• 10:50 a.m. - Charles Brennick (InterConnection.org): Reusing old computers around the world. In South America, 8% of people have home computer access, 1% in Africa. But they still want access to the communication, education, job skills, support, health information, news, and entertainment that computers provide. 14 million PCs discarded every year, and at least half can be reused. InterConnection has a facility in Seattle that refurbishes PCs (wiping or destroying the hard drive for data security), training people in the process and getting them free computers, and recycles ones that can't be reused. Distribution of refurbished machines throughout the world, focused on South America and Africa—and recipients are checked to see that they have power and Internet to make the machines useful. Computer donations can be made by mail (primarily laptops), by U.S. nationwide pickup (mostly corporate or enough to fit on a pallet), local drop-off in Seattle. Starting to get into smartphones too, partnered with Datadyne for software: much more promising in areas with little electricity or connectivity. Contest for an Xbox Kinect: send business leads to xbox@interconnection.org or donate a PC. Older computers like 286 and 486 machines are worth more for recycling because they have more metal in them (gold!).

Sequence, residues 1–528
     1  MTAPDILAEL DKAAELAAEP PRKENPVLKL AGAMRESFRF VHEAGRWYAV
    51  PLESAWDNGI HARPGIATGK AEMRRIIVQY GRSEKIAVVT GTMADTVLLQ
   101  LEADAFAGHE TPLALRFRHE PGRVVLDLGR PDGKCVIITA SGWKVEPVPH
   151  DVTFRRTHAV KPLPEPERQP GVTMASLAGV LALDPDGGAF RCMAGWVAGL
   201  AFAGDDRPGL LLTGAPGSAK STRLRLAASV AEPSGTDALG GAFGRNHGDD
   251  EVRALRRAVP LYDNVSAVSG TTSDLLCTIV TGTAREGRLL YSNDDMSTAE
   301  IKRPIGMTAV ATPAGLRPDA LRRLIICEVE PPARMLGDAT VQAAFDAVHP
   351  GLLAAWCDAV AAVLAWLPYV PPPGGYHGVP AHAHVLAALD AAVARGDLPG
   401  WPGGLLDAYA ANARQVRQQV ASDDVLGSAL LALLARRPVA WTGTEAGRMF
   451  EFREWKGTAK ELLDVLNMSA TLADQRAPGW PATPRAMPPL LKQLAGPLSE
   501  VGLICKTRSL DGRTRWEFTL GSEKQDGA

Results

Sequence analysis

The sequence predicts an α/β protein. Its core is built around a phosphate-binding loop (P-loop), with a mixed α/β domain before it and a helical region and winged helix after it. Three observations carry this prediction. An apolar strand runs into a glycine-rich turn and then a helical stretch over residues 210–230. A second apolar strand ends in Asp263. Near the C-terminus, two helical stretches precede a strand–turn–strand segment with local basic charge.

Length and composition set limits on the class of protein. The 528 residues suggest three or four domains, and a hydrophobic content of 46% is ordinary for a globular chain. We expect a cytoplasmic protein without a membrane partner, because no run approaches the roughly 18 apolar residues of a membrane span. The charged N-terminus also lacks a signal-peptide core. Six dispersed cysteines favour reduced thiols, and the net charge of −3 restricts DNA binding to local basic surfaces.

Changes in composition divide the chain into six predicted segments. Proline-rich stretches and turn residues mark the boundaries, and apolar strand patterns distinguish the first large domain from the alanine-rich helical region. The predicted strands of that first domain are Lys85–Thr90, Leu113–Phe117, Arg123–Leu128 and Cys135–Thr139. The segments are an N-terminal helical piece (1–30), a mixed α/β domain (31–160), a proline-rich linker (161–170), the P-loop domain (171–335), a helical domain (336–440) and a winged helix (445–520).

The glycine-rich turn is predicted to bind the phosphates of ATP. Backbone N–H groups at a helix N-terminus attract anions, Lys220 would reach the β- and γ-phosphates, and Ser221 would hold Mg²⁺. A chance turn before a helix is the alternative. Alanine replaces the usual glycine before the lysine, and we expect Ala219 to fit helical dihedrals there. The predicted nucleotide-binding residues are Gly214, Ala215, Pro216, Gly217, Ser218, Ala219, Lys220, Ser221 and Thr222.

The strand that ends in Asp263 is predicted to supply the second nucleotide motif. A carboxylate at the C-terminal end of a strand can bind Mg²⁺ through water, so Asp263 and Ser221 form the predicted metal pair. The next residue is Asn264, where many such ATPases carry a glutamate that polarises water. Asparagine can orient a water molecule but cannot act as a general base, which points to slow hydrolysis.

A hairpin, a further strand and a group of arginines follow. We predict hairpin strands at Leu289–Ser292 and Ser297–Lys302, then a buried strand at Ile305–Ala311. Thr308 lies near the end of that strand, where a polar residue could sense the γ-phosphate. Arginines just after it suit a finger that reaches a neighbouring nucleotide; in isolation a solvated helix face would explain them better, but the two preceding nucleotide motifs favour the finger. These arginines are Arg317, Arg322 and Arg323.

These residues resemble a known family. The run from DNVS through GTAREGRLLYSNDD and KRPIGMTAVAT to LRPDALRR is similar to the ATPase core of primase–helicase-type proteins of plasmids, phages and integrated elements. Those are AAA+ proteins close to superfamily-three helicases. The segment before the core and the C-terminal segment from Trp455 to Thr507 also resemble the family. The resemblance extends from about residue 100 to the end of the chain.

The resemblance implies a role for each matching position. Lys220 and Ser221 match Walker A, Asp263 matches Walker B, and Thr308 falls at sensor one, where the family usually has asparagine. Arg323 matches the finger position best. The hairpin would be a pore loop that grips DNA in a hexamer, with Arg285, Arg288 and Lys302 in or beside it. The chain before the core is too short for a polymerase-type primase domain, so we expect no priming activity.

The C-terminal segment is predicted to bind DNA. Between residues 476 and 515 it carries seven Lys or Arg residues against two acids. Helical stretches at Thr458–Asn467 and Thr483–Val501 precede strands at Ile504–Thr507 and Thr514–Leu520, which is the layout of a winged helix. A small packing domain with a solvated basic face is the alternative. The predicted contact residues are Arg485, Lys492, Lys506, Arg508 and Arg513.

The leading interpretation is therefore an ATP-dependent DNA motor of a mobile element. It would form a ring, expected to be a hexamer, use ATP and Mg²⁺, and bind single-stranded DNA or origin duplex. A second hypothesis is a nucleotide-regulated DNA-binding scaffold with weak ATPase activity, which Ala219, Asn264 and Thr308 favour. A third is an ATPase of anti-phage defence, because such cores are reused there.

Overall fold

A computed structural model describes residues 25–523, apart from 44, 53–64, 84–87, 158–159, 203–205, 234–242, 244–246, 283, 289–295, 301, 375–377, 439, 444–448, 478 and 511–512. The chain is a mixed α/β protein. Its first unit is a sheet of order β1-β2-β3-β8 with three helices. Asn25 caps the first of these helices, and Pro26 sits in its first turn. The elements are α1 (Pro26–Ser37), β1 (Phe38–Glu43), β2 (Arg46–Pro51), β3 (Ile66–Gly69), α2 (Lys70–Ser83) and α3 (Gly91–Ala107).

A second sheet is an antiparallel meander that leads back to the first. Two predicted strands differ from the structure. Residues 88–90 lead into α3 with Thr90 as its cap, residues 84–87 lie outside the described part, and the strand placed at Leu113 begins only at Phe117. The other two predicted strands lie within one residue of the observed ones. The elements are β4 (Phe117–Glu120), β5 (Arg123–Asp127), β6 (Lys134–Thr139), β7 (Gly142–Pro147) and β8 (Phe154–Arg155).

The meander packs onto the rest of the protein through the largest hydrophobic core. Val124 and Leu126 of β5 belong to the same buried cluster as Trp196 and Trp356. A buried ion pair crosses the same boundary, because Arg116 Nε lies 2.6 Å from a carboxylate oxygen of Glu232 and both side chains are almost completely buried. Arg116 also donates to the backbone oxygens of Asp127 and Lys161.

• 11:20 a.m. - Austin Heap (@austinheap): Censorship Research Center. Recently helping Iranians access the rest of the world. There are cycles of how information flows around, out of, and into countries with repressive regimes. Text, email, phone cams, YouTube, mainstream media, rebroadcast via pirate radio, and now Twitter. But Twitter isn't going to overthrow a government. The tools don't matter, it's the people that matter. Still, tweets managed to find free flights, contacts at the UN, a big law firm to work pro bono, and even a leaked document showing how Iran's entire filtering system worked—so it's insanely valuable. Haystack is a tool to bypass that filtering, which encrypts data and then obfuscates it to make it looks like Iranians are visiting innocuous websites. But making it available contravened U.S. sanctions against Iran! Unfortunately, the ragtag team that went to Washington, D.C. was naive (and sometimes dumb and inappropriate) when dealing with legislators and regulators. Eventually became the first-ever U.S. organization licensed to export anti-censorship software to Iran, and hopefully soon elsewhere. That happened fast by D.C. standards, but that's still very slow in real-world terms. Iran is 70 million people who are exactly like us: now have made a film for HBO about Neda Agha-Soltan, including 15 hours of interview footage with her family, who were willing to take that risk. Made it available online in various languages and formats (including 3GP for phones), and even illegally broadcast via satellite into Iran—which seems to have prompted a power shutdown in Tehran. Online piracy sites also re-ripped the DVD format for distribution, even though it was already available as a torrent from the legit site. 35% of the Internet is under some form of government restriction, so this is not a problem that's going away or getting better.

1 Comment

Thanks for taking some great notes. Wish I could've been there.